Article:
#6 = Battle: Los Angeles. Much like Season of the Witch, the key word here is "boring". Oh, God is this movie boring! It's pretty much just wall-to-wall military combat, which gets old really fucking fast! The fact that so much of the action is shot in shaky cam certainly doesn't help, because it means you can't even see what's happening. And even though it takes the time to introduce all its characters, it's pointless because they're thrown into the action so fast that you're not given any time to take them in, which just strips you of your final reason to care.
#5 = Bridesmaids. Probably the most unpopular pick on my list. I honestly don't understand why this movie's garnered so much acclaim among critics and audiences alike. My issues with it all stem from one simple problem: every single character is a complete asshole. What's the point of telling a story of rivalry if you can't root for either side? And on top of that, it's just not funny. The rivalry in the story just comes off as immature bickering, which makes the characters even less likable than they already are. I really just don't get the appeal of this flick.
#4 = Horrible Bosses. This movie can kiss my ass! I really thought I was gonna like this flick, but it turned out to be one of the most unfunny so-called "comedies" I've seen in a long time! As far as making me laugh, it has all the no-nos. Clowning and screaming just for the sake of clowning and screaming, completely moronic characters who don't know when to shut up, thinking it's being cute by arbitrarily referencing other, better movies... It was just an all-around obnoxious experience, and the first time I've ever emerged from a cinema legitimately angry!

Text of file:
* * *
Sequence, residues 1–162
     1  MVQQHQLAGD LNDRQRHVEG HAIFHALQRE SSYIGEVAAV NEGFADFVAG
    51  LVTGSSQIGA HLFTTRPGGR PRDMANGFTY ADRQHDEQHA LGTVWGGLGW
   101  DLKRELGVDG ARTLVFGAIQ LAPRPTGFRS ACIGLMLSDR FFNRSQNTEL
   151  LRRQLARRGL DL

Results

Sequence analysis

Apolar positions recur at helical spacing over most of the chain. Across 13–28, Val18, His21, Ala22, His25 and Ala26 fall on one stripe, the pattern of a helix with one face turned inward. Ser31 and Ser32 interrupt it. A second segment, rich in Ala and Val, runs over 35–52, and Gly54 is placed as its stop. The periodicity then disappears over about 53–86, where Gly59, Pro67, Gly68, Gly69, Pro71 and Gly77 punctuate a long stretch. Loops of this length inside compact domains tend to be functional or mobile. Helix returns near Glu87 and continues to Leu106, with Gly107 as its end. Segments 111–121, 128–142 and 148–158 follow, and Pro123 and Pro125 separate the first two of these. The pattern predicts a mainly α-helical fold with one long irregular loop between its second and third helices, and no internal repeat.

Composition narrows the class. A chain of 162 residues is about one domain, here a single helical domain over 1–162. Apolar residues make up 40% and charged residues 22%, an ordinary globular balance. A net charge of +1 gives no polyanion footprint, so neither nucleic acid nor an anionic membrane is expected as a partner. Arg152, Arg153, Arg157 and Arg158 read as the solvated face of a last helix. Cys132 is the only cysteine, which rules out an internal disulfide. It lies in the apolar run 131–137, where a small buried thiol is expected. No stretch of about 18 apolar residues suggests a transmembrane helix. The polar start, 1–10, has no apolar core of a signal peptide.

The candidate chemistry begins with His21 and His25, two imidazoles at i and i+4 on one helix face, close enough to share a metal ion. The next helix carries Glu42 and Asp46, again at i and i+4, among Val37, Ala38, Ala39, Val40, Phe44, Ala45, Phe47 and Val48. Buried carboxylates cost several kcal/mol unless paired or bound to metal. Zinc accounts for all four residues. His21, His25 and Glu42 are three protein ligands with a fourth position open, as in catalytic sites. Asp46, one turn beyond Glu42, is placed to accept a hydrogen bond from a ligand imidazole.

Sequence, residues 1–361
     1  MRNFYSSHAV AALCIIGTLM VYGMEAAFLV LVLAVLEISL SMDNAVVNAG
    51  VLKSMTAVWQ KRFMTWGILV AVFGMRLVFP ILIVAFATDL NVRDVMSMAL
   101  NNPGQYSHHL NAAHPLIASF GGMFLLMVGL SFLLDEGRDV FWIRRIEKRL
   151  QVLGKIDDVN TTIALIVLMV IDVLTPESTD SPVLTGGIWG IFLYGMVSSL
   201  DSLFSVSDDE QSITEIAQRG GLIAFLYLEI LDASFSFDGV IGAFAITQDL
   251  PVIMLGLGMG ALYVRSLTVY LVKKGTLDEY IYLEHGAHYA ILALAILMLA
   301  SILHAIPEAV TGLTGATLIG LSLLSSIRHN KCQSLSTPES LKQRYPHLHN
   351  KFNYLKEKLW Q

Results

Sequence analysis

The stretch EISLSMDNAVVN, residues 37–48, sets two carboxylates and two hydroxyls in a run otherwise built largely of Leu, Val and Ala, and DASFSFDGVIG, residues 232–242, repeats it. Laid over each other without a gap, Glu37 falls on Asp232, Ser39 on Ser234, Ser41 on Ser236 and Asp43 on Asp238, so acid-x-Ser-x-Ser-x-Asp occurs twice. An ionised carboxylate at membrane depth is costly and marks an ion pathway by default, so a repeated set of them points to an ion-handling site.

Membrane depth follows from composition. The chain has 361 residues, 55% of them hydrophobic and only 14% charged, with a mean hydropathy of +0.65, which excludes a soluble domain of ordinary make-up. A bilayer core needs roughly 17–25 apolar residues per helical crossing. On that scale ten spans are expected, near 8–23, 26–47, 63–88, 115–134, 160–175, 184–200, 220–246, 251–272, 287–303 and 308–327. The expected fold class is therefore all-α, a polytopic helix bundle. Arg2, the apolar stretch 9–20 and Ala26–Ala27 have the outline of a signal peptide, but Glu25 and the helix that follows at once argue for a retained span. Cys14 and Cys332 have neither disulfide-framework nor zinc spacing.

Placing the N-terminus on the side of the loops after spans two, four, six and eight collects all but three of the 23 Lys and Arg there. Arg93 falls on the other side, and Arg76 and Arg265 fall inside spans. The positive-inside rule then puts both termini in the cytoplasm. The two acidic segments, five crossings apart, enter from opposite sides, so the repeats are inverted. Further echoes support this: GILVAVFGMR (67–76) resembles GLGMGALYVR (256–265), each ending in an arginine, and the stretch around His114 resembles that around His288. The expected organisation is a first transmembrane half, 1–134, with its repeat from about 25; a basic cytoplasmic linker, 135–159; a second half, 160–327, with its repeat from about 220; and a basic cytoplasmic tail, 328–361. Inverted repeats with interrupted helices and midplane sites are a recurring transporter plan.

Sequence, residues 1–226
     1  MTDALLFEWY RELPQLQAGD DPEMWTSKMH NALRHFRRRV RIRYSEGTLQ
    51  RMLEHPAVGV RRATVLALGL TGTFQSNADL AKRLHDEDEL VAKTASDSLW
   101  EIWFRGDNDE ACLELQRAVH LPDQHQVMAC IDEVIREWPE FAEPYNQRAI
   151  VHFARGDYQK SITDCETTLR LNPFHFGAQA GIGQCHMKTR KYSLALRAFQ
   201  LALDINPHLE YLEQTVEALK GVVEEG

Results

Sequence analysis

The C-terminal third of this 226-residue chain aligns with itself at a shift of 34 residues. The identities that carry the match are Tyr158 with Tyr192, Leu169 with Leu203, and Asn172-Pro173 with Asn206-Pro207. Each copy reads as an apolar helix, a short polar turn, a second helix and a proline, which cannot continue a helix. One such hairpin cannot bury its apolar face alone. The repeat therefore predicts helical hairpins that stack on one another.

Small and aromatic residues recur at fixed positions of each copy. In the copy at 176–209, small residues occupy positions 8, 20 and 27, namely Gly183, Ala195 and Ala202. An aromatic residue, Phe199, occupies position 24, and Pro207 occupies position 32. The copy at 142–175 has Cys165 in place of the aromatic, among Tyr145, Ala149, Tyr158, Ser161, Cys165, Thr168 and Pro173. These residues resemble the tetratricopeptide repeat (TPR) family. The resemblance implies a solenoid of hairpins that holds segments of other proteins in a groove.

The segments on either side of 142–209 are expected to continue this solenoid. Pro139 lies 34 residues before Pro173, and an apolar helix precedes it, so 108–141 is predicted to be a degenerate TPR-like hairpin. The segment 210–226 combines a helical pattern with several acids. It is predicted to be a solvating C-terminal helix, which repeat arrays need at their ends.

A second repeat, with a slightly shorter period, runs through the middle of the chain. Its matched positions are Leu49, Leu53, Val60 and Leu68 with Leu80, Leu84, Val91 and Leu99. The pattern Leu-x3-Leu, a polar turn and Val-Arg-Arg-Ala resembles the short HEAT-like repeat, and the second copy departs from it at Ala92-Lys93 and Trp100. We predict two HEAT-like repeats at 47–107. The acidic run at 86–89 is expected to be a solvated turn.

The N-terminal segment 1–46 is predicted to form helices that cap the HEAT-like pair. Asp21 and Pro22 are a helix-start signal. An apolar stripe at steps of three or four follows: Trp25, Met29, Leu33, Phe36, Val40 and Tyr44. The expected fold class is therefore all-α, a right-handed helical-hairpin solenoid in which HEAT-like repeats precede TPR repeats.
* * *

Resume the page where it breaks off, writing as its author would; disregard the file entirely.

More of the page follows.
#3 = Auschwitz. I guess I really should have expected no better from Uwe Boll, but there really is no excuse for fucking up a subject matter as serious as Auschwitz. The middle section of the film is not believable as a drama because the actors never convince you of the torture they're supposed to be going through, and the documentary side of it is laughable because of the absurd stupidity of the teenagers being interviewed. You can get a bit of fun out of spotting typos in the subtitles, but for the most part it's just a mind-numbing, festering ball of nothingness.
#2 = Priest. I haven't read the original comic books, but they surely can't be this bad! This movie really is a nightmare of taking scissors to a film heavily. The whole narrative is kind of like a runaway train. It all rushes along at breakneck speed without ever bothering to set up its characters, and the action scenes seem so rushed that they never have a chance to excite. Even though it didn't leave that much of a lasting impression on me, the sheer level of frustration I felt while watching this movie is really what puts it at the number two spot.